A merger between police forces in Enfield and Haringey is “going well”, the police chief in charge of the two boroughs has said.

Detective Chief Superintendent Treena Fleming, commander of the Met Police’s North Basic Command Unit (BCU), said the merger means police now have more flexibility when responding to crimes.

Enfield and Haringey police joined forces in January this year as part of a London-wide shake-up by the Met designed to help save £325 million by 2022.

At a meeting of Haringey’s environment and community safety scrutiny panel on Tuesday (November 5), Det Ch Supt Fleming said: “I think it’s going very well. With any change, there is still a period of uncertainty, but I think it is stabilising now.”

The police chief said the merger means the BCU can send a police response car from one borough to another to deal with a reported crime.

She said: “I think it makes far more sense if I have a crime reported near the border with Haringey and our nearest patrol unit is the Enfield patrol car, I can drive that car to the Haringey offence and they can deal with it quickly.”

Det Ch Supt Fleming said the BCU is responding to 80 per cent of the most serious calls – dubbed ‘immediate’ or ‘I grades’ by the Met – within the 15-minute target time.

For the second most serious, ‘significant’ or ‘S grades’, 75 per cent are within the 60-minute target time.

The police chief said: “We have always focused on I grades and how quickly we get there. For me, it is not about that – I don’t think the victim will notice if we are a minute or two minutes out of target.

“I think what they will care about is what we do when we get there – that we do the right thing, investigate their crime and provide a really good level of service.”

She added she was “really delighted” with the safeguarding team.

Det Ch Supt Fleming said before the merger, a victim of child abuse, domestic abuse and sexual offending might have had three investigating officers, whereas now they only have one.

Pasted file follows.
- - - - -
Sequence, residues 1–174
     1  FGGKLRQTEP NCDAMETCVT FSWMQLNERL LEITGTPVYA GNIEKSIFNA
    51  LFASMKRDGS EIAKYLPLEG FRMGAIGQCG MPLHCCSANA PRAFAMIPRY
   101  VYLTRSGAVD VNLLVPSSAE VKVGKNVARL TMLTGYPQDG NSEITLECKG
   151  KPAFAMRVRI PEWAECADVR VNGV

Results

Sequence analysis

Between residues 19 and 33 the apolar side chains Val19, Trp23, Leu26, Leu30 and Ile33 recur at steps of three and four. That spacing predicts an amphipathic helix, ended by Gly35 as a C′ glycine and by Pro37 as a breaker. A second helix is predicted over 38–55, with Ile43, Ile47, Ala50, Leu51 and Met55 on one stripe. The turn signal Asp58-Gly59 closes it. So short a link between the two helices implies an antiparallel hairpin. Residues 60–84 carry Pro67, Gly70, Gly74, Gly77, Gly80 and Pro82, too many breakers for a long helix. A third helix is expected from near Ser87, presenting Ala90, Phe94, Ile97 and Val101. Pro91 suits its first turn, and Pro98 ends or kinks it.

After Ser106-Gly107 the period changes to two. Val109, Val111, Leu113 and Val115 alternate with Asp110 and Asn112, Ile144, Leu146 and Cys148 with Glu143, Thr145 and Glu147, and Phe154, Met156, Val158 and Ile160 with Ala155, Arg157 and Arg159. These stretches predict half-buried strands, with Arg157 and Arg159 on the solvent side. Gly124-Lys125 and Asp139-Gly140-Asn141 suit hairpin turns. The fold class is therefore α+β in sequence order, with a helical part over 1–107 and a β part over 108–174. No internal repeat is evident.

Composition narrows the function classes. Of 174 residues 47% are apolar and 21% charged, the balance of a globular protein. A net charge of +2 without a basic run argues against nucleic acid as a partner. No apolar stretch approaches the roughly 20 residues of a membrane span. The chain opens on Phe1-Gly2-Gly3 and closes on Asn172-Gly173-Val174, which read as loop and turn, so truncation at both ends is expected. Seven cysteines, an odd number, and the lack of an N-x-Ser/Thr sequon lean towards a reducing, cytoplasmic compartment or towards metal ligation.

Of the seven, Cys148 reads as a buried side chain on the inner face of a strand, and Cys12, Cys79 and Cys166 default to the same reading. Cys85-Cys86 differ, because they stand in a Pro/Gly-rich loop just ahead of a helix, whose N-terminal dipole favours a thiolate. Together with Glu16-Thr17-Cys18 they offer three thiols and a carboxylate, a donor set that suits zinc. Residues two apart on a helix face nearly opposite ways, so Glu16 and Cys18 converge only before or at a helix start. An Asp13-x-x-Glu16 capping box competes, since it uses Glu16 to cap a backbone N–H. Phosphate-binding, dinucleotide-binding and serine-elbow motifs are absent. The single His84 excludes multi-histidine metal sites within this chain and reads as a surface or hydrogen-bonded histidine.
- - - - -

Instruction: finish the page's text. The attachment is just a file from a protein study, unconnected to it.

She said: “That is far less confusing for the victim. It means we are much more joined-up and balanced in our risk assessment process because we know exactly what is going on.”

The Criminal Investigation Department dealing with complex crime and neighbourhood policing are also “working well”, the police chief said.

She added the shift patters of neighbourhood ward officers had recently changed so there are more of them patrolling streets from 4pm to midnight.

Ian Sygrave, a resident member of the panel, raised concerns about the number of police officers apparently being taken out of safer neighbourhood teams to deal with other issues.

He said: “It is of particular concern to residents who are just not seeing those officers.

“Obviously there are some things, like Extinction Rebellion, that are beyond your control.

“But there are other things at BCU level where you have more say. I just get the feeling officers are being abstracted for incidents within the BCU than they used to be.”

Det Ch Supt Fleming said a lot of officers had been sent to police the Extinction Rebellion protests.

But she added: “I will backfill where that occurs. It is difficult – we have to manage demand – but thankfully that does not happen too often.

“The great thing about having the autonomy that I do with two boroughs is that where I need to, I can flex resource, so if you have a particular problem in your ward, I can call upon other strands and central asset to come in and support that crime problem.”